On the other hand, at the national level, the public authorities play a fundamental role in the objectives described, not only by reinforcing the implementation of adequate labor standards through public policies that qualitatively value these social advances, but also by carrying out effective periodic controls that verify their effectiveness and, consequently, imposing appropriate sanctions for non-compliance. Public policies in this sense would lay the foundations for carrying out legislative reforms in this line, following some of the measures already contemplated at the regional level, such as, for example, the equalization of corporate advances to the salaries provided for in the corresponding collective agreement. It would be desirable for such practices to be extended to other working conditions. Similarly, gender equality policies should be favored, promotion of employment for young people or vulnerable groups, or also, measures for reconciling family and professional life that are effectively translated into joint responsibility of both parents, etc. And this, in addition, to other policies in favor of “green employment” and renewable energies, which are respectful with the planet. All of this would contribute to the associated work cooperatives effectively representing an alternative of decent, sustainable and inclusive work, in accordance with the purposes of the ICA.

On the other side, we must emphasize that the recognition of certain minimum labor standards for the working partners, not only would it combat “self-exploitation” of the working partners, but would also help to combat the “false cooperativism”. It is known that recourse to cooperativism does not always respond to the objectives and principles that inspire it, but that some business initiatives use it as an alternative to circumvent labor legislation, since the cooperative framework can offer them greater profitability, reduction of salary and social costs , as well as, fewer controls and demands on the power of business management, and likewise, less or no union control. These practices, located within the framework of the illegal transfer of workers, are not only contrary to the purposes of social utility and principles that inspire cooperativism, but also contribute to generating unfair competition, which ultimately and ultimately results in negatively on the people who provide service in such entities.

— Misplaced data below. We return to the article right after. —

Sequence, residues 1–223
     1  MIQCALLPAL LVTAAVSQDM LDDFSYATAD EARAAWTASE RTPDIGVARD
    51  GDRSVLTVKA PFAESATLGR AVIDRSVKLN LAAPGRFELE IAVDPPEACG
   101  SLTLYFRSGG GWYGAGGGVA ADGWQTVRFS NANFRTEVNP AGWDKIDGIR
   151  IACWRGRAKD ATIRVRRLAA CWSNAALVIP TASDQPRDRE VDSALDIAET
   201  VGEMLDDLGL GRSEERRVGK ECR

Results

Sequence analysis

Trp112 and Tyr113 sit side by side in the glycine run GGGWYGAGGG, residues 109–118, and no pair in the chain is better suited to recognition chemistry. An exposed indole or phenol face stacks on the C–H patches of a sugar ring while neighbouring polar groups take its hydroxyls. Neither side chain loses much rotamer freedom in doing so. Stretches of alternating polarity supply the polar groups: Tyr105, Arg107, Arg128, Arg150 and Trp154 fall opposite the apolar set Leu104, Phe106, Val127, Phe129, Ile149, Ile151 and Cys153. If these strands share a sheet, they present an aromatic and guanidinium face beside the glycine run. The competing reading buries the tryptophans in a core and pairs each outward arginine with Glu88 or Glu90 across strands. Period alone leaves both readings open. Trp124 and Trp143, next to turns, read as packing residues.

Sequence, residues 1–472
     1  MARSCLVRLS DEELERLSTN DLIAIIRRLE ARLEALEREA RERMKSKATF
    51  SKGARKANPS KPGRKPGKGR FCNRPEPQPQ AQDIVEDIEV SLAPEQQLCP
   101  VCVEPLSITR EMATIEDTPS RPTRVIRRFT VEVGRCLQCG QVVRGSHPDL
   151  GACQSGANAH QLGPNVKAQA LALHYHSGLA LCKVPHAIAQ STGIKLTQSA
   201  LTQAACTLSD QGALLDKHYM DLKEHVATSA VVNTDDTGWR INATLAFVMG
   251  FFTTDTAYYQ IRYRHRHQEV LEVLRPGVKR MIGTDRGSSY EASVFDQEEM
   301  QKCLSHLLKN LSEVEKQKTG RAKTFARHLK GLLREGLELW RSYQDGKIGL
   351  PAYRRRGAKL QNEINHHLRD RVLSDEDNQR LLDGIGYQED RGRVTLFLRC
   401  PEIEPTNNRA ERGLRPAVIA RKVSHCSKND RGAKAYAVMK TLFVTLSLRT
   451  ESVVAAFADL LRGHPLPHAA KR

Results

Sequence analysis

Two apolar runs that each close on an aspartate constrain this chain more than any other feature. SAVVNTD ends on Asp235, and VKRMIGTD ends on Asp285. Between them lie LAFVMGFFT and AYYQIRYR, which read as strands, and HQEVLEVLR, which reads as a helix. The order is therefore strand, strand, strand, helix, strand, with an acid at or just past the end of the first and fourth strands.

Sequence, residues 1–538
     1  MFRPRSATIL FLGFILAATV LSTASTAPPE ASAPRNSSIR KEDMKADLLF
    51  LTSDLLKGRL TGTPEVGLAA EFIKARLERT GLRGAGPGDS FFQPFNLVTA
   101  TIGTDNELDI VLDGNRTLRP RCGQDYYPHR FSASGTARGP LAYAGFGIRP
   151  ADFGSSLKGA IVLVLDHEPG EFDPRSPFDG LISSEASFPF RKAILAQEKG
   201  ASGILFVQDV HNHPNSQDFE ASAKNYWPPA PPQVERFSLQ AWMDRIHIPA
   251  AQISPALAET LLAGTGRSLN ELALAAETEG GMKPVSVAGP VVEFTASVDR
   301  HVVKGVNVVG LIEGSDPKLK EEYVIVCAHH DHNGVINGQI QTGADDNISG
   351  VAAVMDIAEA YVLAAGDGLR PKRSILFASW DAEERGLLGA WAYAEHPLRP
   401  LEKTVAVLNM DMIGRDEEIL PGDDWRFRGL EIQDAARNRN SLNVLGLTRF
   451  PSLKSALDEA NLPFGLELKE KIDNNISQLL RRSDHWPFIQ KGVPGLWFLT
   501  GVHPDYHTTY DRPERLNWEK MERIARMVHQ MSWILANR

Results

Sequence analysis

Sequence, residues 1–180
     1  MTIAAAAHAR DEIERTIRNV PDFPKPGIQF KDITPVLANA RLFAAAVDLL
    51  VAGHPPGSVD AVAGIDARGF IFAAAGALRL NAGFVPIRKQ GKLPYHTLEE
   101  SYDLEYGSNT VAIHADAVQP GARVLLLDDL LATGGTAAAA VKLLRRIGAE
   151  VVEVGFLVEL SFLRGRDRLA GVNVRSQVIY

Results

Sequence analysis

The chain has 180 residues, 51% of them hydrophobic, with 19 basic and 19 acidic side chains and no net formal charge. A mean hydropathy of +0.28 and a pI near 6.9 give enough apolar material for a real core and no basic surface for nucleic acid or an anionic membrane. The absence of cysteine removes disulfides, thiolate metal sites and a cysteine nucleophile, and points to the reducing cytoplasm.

Finally, we must highlight the undoubted progress that has taken place in the field of collective rights of worker members as a result of the recent pronouncements of the Supreme Court on the matter. It is clear to admit that the working partners can legitimately harbor alternative interests that are strictly labor-related that go beyond those of the corporate relationship, for whose defense the channels of participation in the governing bodies of cooperatives derived from their condition of partners may be notoriously insufficient. The differences of interests between the working partners and the cooperative intensify as the size of the cooperative increases, where members are further removed from the governing and management bodies, represented in the Governing Council. The recognition of the right to freedom of association in the context of the working partners of associated work cooperatives, carried out by the Supreme Court, opens possibilities for union action, both individually and collectively. In the absence of the recognition of other channels of representation for the promotion and defense of the interests of the working partners in the framework of the provision of services, the union channel deploys all its resources in the field of these cooperatives, which undoubtedly it has to translate into an engine of change and progress in the recognition and exercise of labor rights. Also in this matter, it is necessary to take advantage of the normative impulses in the supranational sphere. We refer, on the one hand, to the important contribution that the ILO can make in its work of control regarding the compliance and application by the States of the fundamental labor conventions to the working partners of the associated work cooperatives, particularly, in in relation to ILO Convention 87, “Convention relative to freedom of association and protection of the right to organize”. And, at the community level, we must highlight Directive 2003/72/EC of the Council, of July 22, 2003, which completes the “Statute of the European cooperative society with regard to the involvement of workers” in which mechanisms for information and consultation of workers and, therefore, for collective participation are established. All of this is paralleled by the collective dimension of labor rights that we are analyzing.

Socio trabajador de cooperativa de trabajo asociado, ¿asalariado y/o autónomo?: evolución, tendencias y nuevas propuestas

Ana I. Pérez Campos